Legio III Cyrenaica
Legio tertia Cyrenaica (Third Cyrenean legion) was a Roman legion probably levied by Mark Antony around 36 BC, when he was governor of Cyrenaica. There are still records of the legion in Syria in the beginning of the 5th century. The legion symbol is unknown.
Legion III Cyrenaica is one of the longest living Roman legions in Roman history. The origin of the title/name Cyrenaica is not known - It may have been given to the Legion to signify its origin in Cyrene (now Libya), or to signify a major victory or for notable action in that province.
It was primarily stationed in Alexandria, Egypt, sharing a 'double-fortress' with Leg. XXII Deiotariana, where it stayed for about one hundred years before re-locating to Bostra, Syria.
The following is a list of campaigns and actions thought to have been seen by Legion III Cyrenaica during much of its existence:
- 35(?) BC - Leg. III is formed, likely by Marc Anthony or Lepidus in Cyrene. At this time, Legions still likely hold to the Republic tradition of being numbered in order of their creation, so this may have been the third Legion that [Anthony] had established and had under his direct command and loyalty.
- 31 BC - (Battle of Actium) - Either before or after Anthony and Cleopatra are defeated by Octavian (later Augustus), it is thought soldiers of Leg. III Cyrenaica defect from Anthony and claim allegiance to Octavian - who spares the Legion from being disbanded.
- 26 - 25 BC - Action in Arabia Felix (Yemen), commanded by Aelius Gallus, Prefect of Egypt.
- 23 BC - Action against Nubian invaders, Elements of III likely stationed in Thebes.
- 23(?) BC(AD?) - Roman military presence in Egypt is reduced to 2 Legions: III Cyrenaica and XXII Deiotariana. Which other Legions, or how many there were, is not known.
- AD 7 - 11 - Suggested time period that the Double-fortress at Nikopolis is established.
- AD 11 - Elements of Leg III under command of Publius Juventius Rufus, stationed in Berenike.
- AD 39 / 40 - A detachment (Vexillation) of Leg III was sent up to the northern coast of Gaul (France) to assist Emperor Gaius Caesar Augustus Germanicus' (Caligula) Legions with his rather unimpressive invasion of Britain. III was apparently used as a logistics and supplies organizer for the invasion / landing force.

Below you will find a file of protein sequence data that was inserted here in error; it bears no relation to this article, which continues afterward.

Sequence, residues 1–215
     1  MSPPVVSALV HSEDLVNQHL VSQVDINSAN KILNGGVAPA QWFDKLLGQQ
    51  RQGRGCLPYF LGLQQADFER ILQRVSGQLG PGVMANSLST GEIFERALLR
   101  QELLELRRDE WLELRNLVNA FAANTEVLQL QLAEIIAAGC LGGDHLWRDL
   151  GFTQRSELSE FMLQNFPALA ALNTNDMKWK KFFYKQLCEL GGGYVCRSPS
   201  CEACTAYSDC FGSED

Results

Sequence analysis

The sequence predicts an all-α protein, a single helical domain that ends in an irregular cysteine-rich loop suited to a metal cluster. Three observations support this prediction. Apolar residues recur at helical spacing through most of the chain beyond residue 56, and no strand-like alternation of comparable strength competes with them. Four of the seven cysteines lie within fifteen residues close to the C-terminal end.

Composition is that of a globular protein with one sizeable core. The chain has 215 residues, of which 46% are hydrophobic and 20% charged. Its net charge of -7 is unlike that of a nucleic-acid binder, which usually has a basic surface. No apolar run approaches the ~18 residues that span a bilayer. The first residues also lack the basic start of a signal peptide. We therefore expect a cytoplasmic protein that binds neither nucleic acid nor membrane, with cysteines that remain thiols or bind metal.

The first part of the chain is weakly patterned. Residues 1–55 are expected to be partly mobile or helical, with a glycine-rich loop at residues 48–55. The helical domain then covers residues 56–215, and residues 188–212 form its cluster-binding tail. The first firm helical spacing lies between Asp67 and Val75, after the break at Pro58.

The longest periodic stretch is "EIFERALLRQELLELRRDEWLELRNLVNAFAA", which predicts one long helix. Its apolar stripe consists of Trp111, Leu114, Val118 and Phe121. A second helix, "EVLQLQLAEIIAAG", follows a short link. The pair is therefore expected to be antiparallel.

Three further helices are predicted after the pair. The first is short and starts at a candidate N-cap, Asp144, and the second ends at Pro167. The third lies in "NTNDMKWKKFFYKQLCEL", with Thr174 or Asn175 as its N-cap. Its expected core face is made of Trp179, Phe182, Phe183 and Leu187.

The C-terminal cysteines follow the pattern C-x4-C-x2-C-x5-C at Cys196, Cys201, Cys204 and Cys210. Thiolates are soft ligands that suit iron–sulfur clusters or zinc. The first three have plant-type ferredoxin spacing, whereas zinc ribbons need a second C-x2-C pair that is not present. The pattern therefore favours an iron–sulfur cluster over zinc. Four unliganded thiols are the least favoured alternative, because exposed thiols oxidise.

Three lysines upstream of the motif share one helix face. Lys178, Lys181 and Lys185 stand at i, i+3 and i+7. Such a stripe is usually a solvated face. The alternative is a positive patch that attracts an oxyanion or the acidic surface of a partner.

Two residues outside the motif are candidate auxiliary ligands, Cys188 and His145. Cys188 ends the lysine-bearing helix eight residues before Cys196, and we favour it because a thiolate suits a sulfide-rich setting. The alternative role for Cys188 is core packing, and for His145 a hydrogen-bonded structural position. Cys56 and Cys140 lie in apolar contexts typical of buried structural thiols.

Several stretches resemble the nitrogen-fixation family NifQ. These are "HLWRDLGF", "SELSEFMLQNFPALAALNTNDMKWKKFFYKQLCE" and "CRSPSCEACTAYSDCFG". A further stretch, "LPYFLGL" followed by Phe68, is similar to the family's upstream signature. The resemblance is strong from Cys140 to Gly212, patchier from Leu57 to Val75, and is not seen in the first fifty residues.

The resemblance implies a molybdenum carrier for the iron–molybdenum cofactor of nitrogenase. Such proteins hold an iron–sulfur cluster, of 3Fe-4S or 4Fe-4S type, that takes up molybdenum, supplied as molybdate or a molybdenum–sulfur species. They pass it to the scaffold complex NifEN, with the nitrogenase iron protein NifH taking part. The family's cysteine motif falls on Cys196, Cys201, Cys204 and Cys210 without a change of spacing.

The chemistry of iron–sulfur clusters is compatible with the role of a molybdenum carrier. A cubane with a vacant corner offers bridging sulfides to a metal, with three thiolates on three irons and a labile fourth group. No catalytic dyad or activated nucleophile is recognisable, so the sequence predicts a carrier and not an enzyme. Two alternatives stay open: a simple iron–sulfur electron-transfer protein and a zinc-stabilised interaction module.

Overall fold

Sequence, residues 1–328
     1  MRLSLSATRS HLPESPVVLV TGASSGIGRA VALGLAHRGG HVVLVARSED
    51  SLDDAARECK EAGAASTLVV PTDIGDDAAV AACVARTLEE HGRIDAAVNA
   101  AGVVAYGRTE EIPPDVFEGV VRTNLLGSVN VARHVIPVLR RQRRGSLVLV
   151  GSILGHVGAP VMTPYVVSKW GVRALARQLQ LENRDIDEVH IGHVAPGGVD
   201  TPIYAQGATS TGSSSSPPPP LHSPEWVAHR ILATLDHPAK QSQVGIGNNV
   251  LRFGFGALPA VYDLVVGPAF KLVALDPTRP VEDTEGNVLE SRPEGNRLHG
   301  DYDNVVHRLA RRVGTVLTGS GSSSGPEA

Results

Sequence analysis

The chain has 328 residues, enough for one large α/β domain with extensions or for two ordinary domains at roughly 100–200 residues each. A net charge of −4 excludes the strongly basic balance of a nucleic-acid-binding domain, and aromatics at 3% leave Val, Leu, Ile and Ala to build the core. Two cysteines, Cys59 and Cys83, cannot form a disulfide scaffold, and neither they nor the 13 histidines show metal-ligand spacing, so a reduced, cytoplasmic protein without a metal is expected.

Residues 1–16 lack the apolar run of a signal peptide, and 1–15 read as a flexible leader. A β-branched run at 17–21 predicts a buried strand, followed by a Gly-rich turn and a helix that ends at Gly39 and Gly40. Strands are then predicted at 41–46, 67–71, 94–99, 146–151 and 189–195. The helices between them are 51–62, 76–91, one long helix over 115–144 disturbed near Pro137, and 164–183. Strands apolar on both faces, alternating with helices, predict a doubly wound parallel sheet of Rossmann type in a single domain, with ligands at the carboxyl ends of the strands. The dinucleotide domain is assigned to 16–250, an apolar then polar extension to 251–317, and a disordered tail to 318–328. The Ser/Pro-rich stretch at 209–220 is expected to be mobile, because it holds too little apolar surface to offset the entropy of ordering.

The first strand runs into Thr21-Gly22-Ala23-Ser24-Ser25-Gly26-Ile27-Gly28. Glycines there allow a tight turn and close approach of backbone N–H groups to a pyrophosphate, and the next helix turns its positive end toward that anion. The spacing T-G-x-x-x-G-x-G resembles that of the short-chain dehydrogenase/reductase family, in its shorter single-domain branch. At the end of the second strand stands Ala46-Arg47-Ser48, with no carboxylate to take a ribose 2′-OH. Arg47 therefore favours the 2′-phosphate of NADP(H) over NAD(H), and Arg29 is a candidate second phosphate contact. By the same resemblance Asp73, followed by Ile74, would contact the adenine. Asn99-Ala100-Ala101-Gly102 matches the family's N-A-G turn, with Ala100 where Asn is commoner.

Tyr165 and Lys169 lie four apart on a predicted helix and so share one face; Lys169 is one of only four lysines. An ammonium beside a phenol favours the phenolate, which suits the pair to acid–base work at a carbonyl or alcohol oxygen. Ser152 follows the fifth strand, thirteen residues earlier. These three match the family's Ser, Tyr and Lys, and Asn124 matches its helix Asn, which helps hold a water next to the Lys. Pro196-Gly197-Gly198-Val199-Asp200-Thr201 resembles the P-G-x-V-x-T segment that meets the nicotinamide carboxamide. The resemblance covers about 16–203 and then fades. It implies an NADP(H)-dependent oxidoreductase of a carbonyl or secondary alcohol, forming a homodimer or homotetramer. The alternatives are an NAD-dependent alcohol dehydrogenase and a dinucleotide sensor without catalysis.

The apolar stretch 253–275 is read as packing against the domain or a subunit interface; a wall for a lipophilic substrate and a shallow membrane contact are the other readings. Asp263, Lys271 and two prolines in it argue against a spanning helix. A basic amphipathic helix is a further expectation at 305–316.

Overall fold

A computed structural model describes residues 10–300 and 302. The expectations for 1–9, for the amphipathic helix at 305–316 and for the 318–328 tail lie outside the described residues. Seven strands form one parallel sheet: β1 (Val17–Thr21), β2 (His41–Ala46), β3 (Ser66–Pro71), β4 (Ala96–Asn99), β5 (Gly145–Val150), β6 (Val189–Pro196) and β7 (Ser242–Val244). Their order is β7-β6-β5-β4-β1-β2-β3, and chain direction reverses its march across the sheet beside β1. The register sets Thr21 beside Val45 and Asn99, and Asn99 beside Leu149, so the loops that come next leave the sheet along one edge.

- AD 58 - 63 - Under the command of Gn. Domitius Corbulo, elements of III saw action in the Parthian (Iran, parts of Iraq, Turkey, Armenia) frontier.
- AD 66 - 70 - Called The Jewish War or The Great Revolt. An uprising of Jews vs. Romans starts in Alexandria, and spreads to Judea. Elements of III and XXII fought their way to Jerusalem, and with the assistance of several other Legion, Auxiliary and allied forces (around 60,000 troops) surrounded and besieged the city, led by Titus Flavius Vespasianus (Vespasian), Proconsul of Africa.
- AD 69 - "The Year of the Four Emperors". Factions led by Galba, Otho, and then Vitellius all tried to seize control of Rome after the death of Nero. These factions, who had no aristocratic claim to the throne, (and hardly any support of the Legions nor the Senate) all tried to take control one after another by force.
- July 1 - With support of Gaius Licinus Mucianus, Governor of Syria and Tiberius Alexander, Prefect of Egypt, Vespasian is urged to revolt and take the throne. The Legions in Alexandria, two days later those of Judea, and then in August those of Syria and the Danube region declare Vespasian Emperor. Vespasian sends Mucianus to march on Rome with 20,000 troops while Vespasian heads to Alexandria to control the grain supply and starve Rome into submission.
- Dec. 22nd Vespasian is sworn in as Emperor while still in Egypt.
- AD 70 - A Vexillation of Leg III, along with X Fretensis, completes the siege of Jerusalem under the command of Vespasian's son, Titus.
- AD 84 - 88 - It is believed a detachment of Leg III is sent to help repair a footbridge along the Danube River, with Legions VII Claudia, IV Flavia, and either I or II Adiutrix. A stone engraving commemorating the bridge mentions "The Legion from Egypt". III appears to have been sent out abroad more often than XXII, so it is possible this is referring to III.